Editor’s Note: Links to selected media from the past week.
*Snapchat’s new feature, “Snapchat Stories” has created a whole new group of the Internet-famous, who have mastered how to stitch together kooky snaps and doodles into a narrative. Hootsuite
* The Society of Professional Journalists approved a new code of ethics. Does it go far enough to define the rules of digital journalism? Poynter
* The Ray Rice video isn’t TMZ’s only big scoop in the last year. There’s also been the sexual abuse allegations against a Heisman Trophy candidate and Los Angeles Clippers owner Donald Sterling making “racist remarks.” New York Times
*Looking for a new place to mine for shareable, potentially viral content? Try SoundCloud. Short, compelling bits that connect with people win with online audiences. Journalism.co.uk
*For the thoughtful, longform writer, a handful of apps can help with jotting down ideas, organizing writing and finding key words and ideas buried in thousands of words of text. PBS Mediashift
* News sites dedicated to attracting Millennial readers are not capturing as much as that demographic as one might think. Digiday
* Macworld, which has been publishing print magazines for 30 years, went all-digital this week. The magazine’s parent company, IDG, has declined to say how many of its staff were laid off. New York Times
*BBC introduces its “Pop Up” project, where a team of BBC journalists will set up mobile reporting bureaus across America for six months. BBC
BOOTY WARS: NYMAG VS VOGUE
New York Magazine’s Allison P. Davis of The Cut calls out Vogue on finally jumping on the booty bandwagon. (Vogue has declared 2014 the year of the booty, citing Kim Kardashian, Beyoncé and Miley Cyrus as rump role models.) Davis makes the point that Vogue, in declaring the booty suddenly fashionable, is hopelessly late. She writes: “Brava, Vogue: Let’s just call you Christopher Columbus, because you have planted your flag in something culture’s been okay with for some time now — the fact that some people have big butts and other people appreciate them.”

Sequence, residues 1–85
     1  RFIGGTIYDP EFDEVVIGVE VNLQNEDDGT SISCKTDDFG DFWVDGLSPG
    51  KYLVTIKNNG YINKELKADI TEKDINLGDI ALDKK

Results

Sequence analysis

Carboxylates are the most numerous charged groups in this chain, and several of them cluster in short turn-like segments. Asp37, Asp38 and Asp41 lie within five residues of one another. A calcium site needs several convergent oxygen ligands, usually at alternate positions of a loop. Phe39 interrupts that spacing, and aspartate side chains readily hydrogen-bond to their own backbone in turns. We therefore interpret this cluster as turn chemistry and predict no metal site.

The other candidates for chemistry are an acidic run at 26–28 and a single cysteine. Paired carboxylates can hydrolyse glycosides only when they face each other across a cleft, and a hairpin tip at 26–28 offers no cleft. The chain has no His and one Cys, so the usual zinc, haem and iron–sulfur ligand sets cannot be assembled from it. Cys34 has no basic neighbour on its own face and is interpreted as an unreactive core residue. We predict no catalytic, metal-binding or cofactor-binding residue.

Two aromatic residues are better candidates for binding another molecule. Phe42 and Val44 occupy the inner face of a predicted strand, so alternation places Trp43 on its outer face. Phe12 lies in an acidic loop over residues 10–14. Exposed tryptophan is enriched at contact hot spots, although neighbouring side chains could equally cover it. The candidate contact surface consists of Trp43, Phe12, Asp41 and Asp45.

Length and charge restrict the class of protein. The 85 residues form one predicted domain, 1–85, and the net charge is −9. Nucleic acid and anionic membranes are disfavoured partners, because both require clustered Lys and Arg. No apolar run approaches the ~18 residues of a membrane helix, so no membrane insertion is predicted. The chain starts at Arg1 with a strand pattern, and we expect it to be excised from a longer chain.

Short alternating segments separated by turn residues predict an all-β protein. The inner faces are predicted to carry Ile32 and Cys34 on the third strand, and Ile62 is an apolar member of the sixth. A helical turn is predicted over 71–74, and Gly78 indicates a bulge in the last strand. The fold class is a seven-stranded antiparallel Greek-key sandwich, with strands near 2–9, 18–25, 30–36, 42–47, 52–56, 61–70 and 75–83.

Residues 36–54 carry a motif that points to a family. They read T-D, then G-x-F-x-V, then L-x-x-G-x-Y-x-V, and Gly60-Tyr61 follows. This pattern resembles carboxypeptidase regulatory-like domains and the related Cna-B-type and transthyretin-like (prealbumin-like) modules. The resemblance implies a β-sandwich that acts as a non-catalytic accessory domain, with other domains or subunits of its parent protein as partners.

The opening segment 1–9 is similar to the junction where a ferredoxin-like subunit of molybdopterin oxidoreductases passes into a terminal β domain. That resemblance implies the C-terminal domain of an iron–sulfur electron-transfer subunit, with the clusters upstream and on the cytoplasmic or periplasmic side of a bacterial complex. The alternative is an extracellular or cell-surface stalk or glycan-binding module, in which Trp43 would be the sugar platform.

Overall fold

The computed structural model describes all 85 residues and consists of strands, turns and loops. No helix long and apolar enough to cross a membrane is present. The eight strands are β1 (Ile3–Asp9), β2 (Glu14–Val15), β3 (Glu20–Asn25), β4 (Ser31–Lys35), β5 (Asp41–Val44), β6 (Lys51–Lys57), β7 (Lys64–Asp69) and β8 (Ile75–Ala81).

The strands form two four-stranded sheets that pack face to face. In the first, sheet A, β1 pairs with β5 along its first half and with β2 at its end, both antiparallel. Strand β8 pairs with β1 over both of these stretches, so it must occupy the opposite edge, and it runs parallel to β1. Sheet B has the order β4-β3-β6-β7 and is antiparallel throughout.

WATCH OUT, YOUTUBE
Facebook video is getting an overhaul. According to Re/code, “its push into video could be a very big deal…providing a real alternative to YouTube.” Facebook says it’s now recording a billion video views per day, according to Re/code, which noted the the autoplay feature has been integral to Facebook’s video success, as has its algorithm to start showing more videos to people who like videos.
MONEY OR TRADITION?
Gigaom’s Matthew Ingram questions whether free-wheeling discussion site Reddit is at a crossroads as it reportedly seeks outside funding that could “value the company at more than half a billion dollars.” Reddit has been in the news lately for its role in helping to distribute photos of nude celebrities, and the site has been no stranger to controversy in the past. Ingram asks whether the search for venture capital could impact its long-time commitment to free speech: “Will Reddit start to water down its commitment, in the hope that it can bridge those two divides without losing its soul? Or will it be forced to mimic Facebook, which routinely removes photos of women breast-feeding and never says why?”
This post includes contributions from Amanda Eisenberg and Lisa Rossi